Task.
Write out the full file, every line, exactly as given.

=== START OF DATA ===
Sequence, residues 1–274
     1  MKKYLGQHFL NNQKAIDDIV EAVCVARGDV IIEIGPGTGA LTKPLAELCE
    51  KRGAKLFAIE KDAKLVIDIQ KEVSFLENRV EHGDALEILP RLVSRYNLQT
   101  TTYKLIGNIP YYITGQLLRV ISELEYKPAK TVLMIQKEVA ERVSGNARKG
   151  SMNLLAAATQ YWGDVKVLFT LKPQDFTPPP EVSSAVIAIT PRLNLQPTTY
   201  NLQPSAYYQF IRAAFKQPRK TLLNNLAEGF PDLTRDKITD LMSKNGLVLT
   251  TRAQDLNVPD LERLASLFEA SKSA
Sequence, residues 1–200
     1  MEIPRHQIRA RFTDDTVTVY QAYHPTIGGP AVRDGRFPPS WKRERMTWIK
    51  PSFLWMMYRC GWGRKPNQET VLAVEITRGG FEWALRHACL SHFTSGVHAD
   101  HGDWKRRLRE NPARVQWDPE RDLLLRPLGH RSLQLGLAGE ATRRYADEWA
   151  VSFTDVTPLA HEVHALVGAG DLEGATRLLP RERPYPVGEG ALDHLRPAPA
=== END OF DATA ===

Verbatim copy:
Sequence, residues 1–274
     1  MKKYLGQHFL NNQKAIDDIV EAVCVARGDV IIEIGPGTGA LTKPLAELCE
    51  KRGAKLFAIE KDAKLVIDIQ KEVSFLENRV EHGDALEILP RLVSRYNLQT
   101  TTYKLIGNIP YYITGQLLRV ISELEYKPAK TVLMIQKEVA ERVSGNARKG
   151  SMNLLAAATQ YWGDVKVLFT LKPQDFTPPP EVSSAVIAIT PRLNLQPTTY
   201  NLQPSAYYQF IRAAFKQPRK TLLNNLAEGF PDLTRDKITD LMSKNGLVLT
   251  TRAQDLNVPD LERLASLFEA SKSA
Sequence, residues 1–200
     1  MEIPRHQIRA RFTDDTVTVY QAYHPTIGGP AVRDGRFPPS WKRERMTWIK
    51  PSFLWMMYRC GWGRKPNQET VLAVEITRGG FEWALRHACL SHFTSGVHAD
   101  HGDWKRRLRE NPARVQWDPE RDLLLRPLGH RSLQLGLAGE ATRRYADEWA
   151  VSFTDVTPLA HEVHALVGAG DLEGATRLLP RERPYPVGEG ALDHLRPAPA